It is no secret that motor sport at South Dakota has its faithful fans. This is evident from the crowd present at the GMRC race meet on Sunday May 4, 2008. On this particular day there were other events: the Indian Mela at the National Park and the Dharmic Sabha event at the Providence Stadium. Though the public had all these options available the spectator turn-out at the South Dakota was satisfactory.
The South Dakota circuit is among the prominent race venues in the Caribbean. It is well promoted as one of Guyana’s tourist attractions in various local and international media. The marketing team produces very good quality work to make the occasion a success. The drivers along with their mechanical teams work long hours to prepare their cars for action. Last but not least the faithful spectators pay the cover fee to witness the fireworks unfold on the track.
However, imagine this scenario: present at one of these race meets is the management team of the race club along with their special invited guest and the various race teams – but with no spectators from the public. This would be because these spectators were not satisfied with the washroom facilities and decided not to attend. Would such a meet be termed a success? I hope not.
Based on my knowledge there are washroom facilities at the club house. They are two such facilities, one below the club house and the other in the main viewing lounge for the club members and their associates. I heard that these facilities are poorly maintained even on race days. Most times it is a race to use these facilities since patrons realize that it is better to use before 1 pm on any race meet day. Their condition is deplorable and they become unusable as the day progresses, even though these facilities are used mainly by the patrons of the club house. Most times security at the entrance of the club house refuses entry to members of the public, though they express their need to use the facilities.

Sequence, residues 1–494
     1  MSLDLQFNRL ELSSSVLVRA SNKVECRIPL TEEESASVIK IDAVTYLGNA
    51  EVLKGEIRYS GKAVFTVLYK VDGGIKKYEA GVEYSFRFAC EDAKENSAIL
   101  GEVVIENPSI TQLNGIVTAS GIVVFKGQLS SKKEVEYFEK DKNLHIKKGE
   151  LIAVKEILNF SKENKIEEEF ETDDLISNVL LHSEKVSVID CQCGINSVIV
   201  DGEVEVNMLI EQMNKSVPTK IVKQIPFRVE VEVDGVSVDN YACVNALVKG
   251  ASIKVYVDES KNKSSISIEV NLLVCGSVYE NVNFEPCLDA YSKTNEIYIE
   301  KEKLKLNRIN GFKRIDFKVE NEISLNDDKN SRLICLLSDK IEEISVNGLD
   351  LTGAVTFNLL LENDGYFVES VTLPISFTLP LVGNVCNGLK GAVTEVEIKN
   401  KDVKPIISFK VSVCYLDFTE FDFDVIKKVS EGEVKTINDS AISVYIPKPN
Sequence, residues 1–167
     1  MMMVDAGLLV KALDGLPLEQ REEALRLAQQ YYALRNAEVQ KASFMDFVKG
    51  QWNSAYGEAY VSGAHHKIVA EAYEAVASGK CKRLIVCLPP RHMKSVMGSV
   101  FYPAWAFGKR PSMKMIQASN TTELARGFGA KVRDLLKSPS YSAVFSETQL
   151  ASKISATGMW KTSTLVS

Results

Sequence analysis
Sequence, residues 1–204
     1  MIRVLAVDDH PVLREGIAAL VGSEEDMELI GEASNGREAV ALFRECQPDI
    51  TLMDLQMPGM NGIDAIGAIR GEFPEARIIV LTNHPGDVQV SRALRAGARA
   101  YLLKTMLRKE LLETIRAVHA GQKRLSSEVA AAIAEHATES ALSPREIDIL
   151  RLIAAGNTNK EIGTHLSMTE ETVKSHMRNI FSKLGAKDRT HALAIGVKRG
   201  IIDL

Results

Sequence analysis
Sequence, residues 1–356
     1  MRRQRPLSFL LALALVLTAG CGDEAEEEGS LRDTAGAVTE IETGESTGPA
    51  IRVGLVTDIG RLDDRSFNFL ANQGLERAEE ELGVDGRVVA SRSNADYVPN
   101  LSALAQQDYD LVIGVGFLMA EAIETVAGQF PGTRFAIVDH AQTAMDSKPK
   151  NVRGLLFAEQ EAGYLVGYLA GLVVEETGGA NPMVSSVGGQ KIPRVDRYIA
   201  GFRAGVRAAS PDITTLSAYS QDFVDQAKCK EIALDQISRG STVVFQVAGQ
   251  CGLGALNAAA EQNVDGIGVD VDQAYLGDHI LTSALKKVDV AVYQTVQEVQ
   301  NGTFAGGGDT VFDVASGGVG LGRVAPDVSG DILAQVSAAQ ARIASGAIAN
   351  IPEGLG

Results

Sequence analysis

It is also no secret that most spectators assemble at various points along or within the circuit, rather than in the club house. These spectators suffer the most when the need arises to use a washroom facility. I observe on many occasions spectators frantically searching for a washroom. The complexion of some of these spectators changes as the intensity of their need to use the washroom increases. This is when their instincts lead them to the lovely surrounding green vegetation. This is no joke; at first I thought that a special body dye was available to reflect the team they support, that is either Digicel or Cellink plus. But this thought was short lived since I observed patrons with smiling faces with their natural complexions returning from the leafy green washrooms.
I am sure that this is a common complaint made to the race club management and maybe they are not getting the time to remedy the problem. However, I would like to remind the management of the race club that this service is one of the fringe services that patrons pay for when attending these events and not only the entertainment part of it.
May I suggest that management seriously addresses this recurring problem and offers the public a decent race circuit with proper washroom facilities and not a washroom facility with a race circuit.